Great Southern Bank to pilot Constantinople banking platform
Great Southern Bank is set to run a live pilot of Constantinople, an end-to-end banking platform that was created by two ex-Westpac executives.
The Constantinople platform was “recently released” into production, the startup said late yesterday.
Great Southern Bank is Constantinople’s first client bank and will partake in a live pilot.
“Great Southern Bank is launching a business bank on our platform,” Constantinople co-founder and co-CEO Macgregor Duncan told iTnews.
“We’re soon about to commence a pilot with Great Southern Bank that will be a staged pilot, starting with employees and then friends and family and then scaling up to customers.
“We would expect that Great Southern Bank would then be in a position to launch in market later this year.”
Great Southern Bank’s CEO Paul Lewis said in a statement that he was “really excited” to be the first banking client of Constantinople, “leveraging their cutting-edge software and operating platform to offer something new – a digital-first, customer-owned alternative in the small-to-medium enterprise (SME) space.”
Great Southern Bank also participated in a US$23 million (A$32 million) seed round for Constantinople that was led by Square Peg. Airtree Ventures also participated.
Constantinople is designed to be a fully-managed banking platform, encompassing the full spectrum of the banking infrastructure including customer experience, banking products, operations, servicing, compliance and anti-money laundering (AML).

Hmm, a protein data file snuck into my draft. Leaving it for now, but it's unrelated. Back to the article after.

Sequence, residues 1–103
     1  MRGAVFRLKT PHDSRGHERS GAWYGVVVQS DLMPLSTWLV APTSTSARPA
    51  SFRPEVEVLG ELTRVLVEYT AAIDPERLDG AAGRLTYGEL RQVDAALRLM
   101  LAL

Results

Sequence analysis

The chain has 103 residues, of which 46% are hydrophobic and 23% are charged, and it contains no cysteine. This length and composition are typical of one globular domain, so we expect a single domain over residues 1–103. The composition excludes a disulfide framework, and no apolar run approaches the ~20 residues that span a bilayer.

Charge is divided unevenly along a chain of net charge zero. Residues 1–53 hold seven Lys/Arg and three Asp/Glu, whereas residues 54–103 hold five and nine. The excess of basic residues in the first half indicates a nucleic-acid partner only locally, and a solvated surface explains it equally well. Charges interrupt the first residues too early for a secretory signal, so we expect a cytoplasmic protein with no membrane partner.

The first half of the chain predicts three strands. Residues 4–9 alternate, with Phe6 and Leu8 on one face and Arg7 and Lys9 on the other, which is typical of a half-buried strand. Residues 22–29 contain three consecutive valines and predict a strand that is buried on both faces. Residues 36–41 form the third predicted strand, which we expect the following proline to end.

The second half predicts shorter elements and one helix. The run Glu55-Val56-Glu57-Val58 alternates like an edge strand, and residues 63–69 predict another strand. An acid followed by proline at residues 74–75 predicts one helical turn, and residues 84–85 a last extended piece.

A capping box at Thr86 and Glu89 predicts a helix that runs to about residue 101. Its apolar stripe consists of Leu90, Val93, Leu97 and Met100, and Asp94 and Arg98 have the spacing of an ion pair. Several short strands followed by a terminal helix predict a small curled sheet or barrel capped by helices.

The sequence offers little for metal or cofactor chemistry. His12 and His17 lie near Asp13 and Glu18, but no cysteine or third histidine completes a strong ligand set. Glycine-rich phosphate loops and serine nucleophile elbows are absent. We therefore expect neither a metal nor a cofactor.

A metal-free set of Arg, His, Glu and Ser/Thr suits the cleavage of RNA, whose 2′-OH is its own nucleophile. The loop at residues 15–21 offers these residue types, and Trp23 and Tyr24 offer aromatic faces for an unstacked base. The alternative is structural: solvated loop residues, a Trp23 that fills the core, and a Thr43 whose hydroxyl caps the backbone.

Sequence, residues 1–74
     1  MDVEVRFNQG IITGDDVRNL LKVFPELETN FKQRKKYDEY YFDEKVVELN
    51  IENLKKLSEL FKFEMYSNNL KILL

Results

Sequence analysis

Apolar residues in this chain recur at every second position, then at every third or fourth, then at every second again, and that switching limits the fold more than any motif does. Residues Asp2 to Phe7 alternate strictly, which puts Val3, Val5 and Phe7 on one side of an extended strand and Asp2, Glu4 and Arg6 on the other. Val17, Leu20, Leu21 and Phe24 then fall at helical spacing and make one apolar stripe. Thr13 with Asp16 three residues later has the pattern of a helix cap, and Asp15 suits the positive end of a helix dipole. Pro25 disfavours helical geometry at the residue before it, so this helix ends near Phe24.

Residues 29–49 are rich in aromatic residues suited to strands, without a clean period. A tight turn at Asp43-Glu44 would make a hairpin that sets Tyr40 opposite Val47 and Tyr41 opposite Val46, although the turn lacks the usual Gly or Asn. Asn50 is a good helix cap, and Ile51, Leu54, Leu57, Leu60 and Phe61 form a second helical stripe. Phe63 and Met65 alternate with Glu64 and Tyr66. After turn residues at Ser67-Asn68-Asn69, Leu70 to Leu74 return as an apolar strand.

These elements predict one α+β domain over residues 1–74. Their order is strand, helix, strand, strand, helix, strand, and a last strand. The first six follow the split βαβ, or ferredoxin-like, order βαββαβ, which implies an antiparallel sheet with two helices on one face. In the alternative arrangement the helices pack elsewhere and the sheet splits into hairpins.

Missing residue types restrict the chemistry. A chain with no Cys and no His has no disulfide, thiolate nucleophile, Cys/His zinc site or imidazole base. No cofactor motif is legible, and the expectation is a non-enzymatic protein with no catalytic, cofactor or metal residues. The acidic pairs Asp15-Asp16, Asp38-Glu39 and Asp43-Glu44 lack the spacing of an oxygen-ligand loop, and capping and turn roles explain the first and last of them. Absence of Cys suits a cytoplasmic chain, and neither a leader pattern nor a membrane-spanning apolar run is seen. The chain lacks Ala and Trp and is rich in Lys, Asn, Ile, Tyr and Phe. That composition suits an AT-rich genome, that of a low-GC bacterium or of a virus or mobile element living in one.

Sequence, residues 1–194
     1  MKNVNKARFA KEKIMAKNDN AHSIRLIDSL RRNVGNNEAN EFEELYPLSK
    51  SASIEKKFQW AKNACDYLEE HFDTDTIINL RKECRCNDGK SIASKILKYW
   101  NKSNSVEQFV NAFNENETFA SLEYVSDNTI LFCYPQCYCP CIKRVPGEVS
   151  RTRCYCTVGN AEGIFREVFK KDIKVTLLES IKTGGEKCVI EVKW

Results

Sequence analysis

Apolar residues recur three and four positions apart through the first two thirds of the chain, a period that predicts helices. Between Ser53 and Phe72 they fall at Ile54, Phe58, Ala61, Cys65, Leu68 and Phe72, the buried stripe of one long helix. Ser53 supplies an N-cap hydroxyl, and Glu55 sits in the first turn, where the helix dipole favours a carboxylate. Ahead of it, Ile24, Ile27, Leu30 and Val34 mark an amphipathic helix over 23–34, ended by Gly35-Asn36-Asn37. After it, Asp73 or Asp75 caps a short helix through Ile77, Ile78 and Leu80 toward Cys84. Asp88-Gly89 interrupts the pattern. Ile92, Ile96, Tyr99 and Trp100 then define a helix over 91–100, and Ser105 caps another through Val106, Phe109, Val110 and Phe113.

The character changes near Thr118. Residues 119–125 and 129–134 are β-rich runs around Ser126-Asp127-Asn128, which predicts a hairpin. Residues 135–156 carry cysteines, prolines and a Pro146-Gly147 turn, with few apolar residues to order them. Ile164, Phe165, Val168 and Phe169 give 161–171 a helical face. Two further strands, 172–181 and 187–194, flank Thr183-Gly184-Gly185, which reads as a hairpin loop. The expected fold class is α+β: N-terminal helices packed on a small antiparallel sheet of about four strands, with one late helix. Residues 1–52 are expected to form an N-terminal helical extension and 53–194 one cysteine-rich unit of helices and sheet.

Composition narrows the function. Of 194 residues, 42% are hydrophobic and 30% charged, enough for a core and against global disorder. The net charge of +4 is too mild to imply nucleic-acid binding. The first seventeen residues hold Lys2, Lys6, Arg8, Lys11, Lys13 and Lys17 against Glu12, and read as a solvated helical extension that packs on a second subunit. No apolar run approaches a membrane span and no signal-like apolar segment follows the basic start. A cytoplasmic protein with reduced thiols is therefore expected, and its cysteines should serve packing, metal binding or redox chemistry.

“The way we describe our business is as a complete software and operational platform for banks,” Duncan said, adding it could be used to support either retail or business banking operations.
Duncan said the platform can “free banks from operational complexity” and enable “them to focus on the things that actually matter to their customers and how they differentiate with their customers.”
The Constantinople team is now up to 60 staff, 48 of which sit in product engineering.
The platform uses proprietary software for the infrastructure layer, but also a “handful of third-party services” as well, Duncan said.
Duncan was bullish for the startups future growth prospects.
“We really envisage that in 10 years’ time, we could have 500 banks operating on top of one common set of software,” he said.
Co-founder and co-CEO Di Challenor said moving into the US market is part of its next steps as Constantinople maps out its global strategy.
The banking platform could “open up a whole opportunity” for new banks to reach market quicker and free capital and time to focus on customers, she added.
“I think the biggest challenge in banking that we see is the amount of time and the amount of capital that goes into the operational activities of a bank, rather than being able to use that capital to lend or help people get into their homes or help people grow their businesses,” she said.